Farrugia, J. M.; O’Hair, R. A. J.; Reid, G. E. Do All b2 Ions Have Oxazolone Structures?: Multistage Mass Spectrometry and Ab Initio Studies on Protonated N-Acyl Amino Acid Methyl Ester Model Systems. Int. J. Mass Spectrom. 2001, 210/211, 71–87.CrossRefGoogle Scholar
  28. 28.
    Somogyi, Á. Probing Peptide Fragment Ion Structures by Combining Sustained Off-Resonance Collision Induced Dissociation and Gas-Phase H/D Exchange (SORI-HDX) in Fourier Transform Ion-Cyclotron Resonance (FT-ICR) Instruments. J. Am. Soc. Mass Spectrom. doi:10.1016/j.jasms. 2008.08.012.Google Scholar
  29. 29.
    Jiao, C. Q.; Ranatunga, D. R. A.; Vaugn, W. E.; Freiser, B. S. A Pulsed-Leak Valve for Use with Ion Trapping Mass Spectrometers. J. Am. Soc. Mass Spectrom. 1996, 7, 118–122.CrossRefGoogle Scholar
  30. 30.
    Case, D. A.; Pearlman, D. A.; Caldwell, J. W.; Cheatham, T. E., III; Ross, W. S.; Simmerling, C. L.; Darden, T. A.; Merz, K. M.; Stanton, R. V.; Cheng, A. L.; Vincent, J. J.; Crowley, M.; Tsui, V.; Radmer, R. J.; Duan, Y.; Pitera, J.; Massova, I. G.; Seibel, G. L.; Singh, U. C.; Weiner, P. K.; Kollmann, P. A. In: AMBER 99; University of California: San Francisco, 1999.Google Scholar
  31. 31.
    Frisch, M. J.; Trucks, G. W.; Schlegel, H. B.; Scuseria, G. E.; Robb, M. A.; Cheeseman, J. R.; Montgomery, J. A., Jr.; Vreven, T.; Kudin, K. N.; Burant, J. C.; Millam, J. M.; Iyengar, S. S.; Tomasi, J.; Barone, V.; Mennucci, B.; Cossi, M.; Scalmani, G.; Rega, N.; Petersson, G. A.; Nakatsuji, H.; Hada, M.; Ehara, M.; Toyota, K.; Fukuda, R.; Hasegawa, J.; Ishida, M.; Nakajima, T.; Honda, Y.; Kitao, O.; Nakai, H.; Klene, M.; Li, X.; Knox, J. E.; Hratchian, H. P.; Cross, J. B.; Bakken, V.; Adamo, C.; Jaramillo, J.; Gomperts, R.; Stratmann, R. E.; Yazyev, O.; Austin, A. J.; Cammi, R.; Pomelli, C.; Ochterski, J. W.; Ayala, P. Y.; Morokuma, K.; Voth, G. A.; Salvador, P.; Dannenberg, J. J.; Zakrzewski, V. G.; Dapprich, S.; Daniels, A. D.; Strain, M. C.; Farkas, O.; Malick, D. K.; Rabuck, A. D.; Raghavachari, K.; Foresman, J. B.; Ortiz, J. V.; Cui, Q.; Baboul, A. G.; Clifford, S.; Cioslowski, J.; Stefanov, B. B.; Liu, G.; Liashenko, A.; Piskorz, P.; Komaromi, I.; Martin, R. L.; Fox, D. J.; Keith, T.; Al-Laham, M. A.; Peng, C. Y.; Nanayakkara, A.; Challacombe, M.; Gill, P. M. W.; Johnson, B.; Chen, W.; Wong, M. W.; Gonzalez, C.; Pople, J. A. Gaussian 2004, Rev. C; Gaussian, Inc: Wallingford, CT, 2004.Google Scholar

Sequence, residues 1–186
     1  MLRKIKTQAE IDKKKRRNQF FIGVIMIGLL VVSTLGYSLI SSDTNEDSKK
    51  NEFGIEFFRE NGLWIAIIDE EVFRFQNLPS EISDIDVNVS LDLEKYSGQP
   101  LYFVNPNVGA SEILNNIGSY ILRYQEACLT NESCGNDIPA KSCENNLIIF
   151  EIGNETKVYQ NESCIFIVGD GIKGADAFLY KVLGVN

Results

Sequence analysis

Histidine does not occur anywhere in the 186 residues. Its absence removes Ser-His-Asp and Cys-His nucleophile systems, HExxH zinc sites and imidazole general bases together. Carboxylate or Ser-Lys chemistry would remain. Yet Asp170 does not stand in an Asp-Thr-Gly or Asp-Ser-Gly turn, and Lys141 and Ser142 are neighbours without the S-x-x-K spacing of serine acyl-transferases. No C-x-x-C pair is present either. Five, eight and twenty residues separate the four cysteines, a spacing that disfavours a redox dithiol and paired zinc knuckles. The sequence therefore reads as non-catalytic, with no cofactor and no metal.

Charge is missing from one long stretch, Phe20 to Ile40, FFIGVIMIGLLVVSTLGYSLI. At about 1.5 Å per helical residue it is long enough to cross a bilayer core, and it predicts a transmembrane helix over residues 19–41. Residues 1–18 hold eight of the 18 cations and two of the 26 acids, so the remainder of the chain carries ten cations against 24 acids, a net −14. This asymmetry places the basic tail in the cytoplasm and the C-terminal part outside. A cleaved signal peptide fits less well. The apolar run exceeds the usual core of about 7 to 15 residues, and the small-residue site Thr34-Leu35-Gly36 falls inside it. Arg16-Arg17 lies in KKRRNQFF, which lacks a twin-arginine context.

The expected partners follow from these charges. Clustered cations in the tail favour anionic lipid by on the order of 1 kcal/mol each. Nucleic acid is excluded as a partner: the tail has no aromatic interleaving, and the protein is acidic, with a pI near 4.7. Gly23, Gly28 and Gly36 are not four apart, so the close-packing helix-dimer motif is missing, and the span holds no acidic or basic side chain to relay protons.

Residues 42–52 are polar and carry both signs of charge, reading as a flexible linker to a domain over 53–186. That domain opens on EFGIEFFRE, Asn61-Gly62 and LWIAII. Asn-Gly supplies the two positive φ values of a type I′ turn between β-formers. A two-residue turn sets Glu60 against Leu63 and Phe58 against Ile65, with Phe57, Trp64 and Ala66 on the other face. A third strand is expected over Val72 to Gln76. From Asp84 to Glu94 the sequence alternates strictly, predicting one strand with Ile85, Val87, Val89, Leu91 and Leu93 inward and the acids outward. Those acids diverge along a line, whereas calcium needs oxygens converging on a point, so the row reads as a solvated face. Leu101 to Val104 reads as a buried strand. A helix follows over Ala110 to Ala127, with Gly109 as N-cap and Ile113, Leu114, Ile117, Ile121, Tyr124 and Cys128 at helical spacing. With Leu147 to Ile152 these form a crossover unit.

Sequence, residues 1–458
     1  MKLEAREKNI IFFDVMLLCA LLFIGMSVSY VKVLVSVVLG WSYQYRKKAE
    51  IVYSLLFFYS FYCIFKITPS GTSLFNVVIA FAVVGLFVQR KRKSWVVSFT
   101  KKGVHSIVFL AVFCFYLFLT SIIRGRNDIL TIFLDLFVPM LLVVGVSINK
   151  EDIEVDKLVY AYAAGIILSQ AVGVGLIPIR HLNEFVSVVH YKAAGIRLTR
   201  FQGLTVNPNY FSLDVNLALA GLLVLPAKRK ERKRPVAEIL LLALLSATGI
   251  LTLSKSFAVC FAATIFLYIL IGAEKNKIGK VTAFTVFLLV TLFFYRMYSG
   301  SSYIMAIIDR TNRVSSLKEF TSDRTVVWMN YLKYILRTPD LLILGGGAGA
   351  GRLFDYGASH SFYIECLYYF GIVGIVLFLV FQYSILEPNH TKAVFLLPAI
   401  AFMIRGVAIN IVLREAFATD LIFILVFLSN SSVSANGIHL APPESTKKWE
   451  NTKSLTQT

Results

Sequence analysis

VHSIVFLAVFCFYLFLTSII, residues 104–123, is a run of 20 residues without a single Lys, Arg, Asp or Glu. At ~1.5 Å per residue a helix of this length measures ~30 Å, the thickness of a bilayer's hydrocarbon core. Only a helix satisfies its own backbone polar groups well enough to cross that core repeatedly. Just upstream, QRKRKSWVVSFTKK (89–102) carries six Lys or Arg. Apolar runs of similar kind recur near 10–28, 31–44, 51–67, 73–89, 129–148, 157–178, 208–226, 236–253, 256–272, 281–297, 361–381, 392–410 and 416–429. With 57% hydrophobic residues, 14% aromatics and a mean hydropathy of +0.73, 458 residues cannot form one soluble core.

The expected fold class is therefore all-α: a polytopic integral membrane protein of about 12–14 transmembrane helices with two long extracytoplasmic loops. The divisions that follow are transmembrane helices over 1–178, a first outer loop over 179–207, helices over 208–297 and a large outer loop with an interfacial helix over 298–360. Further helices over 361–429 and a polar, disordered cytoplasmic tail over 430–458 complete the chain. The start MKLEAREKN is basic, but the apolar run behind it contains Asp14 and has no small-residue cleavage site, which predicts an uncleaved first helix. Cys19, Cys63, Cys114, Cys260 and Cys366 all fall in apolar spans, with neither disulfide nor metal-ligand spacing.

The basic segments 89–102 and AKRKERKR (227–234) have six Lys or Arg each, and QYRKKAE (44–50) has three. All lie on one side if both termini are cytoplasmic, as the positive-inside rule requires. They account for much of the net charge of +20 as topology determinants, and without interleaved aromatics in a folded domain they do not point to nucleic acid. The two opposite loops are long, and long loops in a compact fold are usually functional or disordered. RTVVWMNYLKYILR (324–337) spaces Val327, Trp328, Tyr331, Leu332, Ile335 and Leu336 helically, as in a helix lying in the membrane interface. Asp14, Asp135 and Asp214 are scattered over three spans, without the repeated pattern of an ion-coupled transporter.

32. 32.
    Campbell, S.; Rodgers, M. T.; Marzluff, E. M.; Beauchamp, J. L. Structural and Energetic Constraints on Gas Phase Hydrogen/Deuterium Exchange Reactions of Protonated Peptides with D2O, CD3OD, CD3CO2D, and ND3. J. Am. Chem. Soc. 1994, 116, 9765–9766.CrossRefGoogle Scholar
  33. 33.
    El Aribi, H.; Orlova, G.; Rodriquez, C. F.; Almeida, D. R. P.; Hopkinson, A. C.; Siu, K. W. M. Fragmentation Mechanisms of Product Ions from Protonated Tripeptides. J. Phys. Chem. B. 2004, 108, 18743–18749.CrossRefGoogle Scholar
  34. 34.
    Harrison, A. G.; Young, A. B.; Schnoelzer, M.; Paizs, B. Formation of Iminium Ions by Fragmentation of a2 Ions. Rapid Commun. Mass Spectrom. 2004, 18, 1635–1640.CrossRefGoogle Scholar
  35. 35.
    Allen, J. M.; Black, D. M.; Johnson, J. S.; Bythell, B. J.; Paizs, B.; Glish, G. L. Why are a3 Ions Rarely Observed? J. Am. Soc. Mass Spectrom. 2008, 19, 1764–1770.CrossRefGoogle Scholar

Copyright information

© American Society for Mass Spectrometry 2009

Authors and Affiliations

  1. 1.Department of Molecular BiophysicsGerman Cancer Research Centr (DKFZ)HeidelbergGermany
  2. 2.Department of ChemistryUniversity of ArizonaTucsonUSA

Personalised recommendations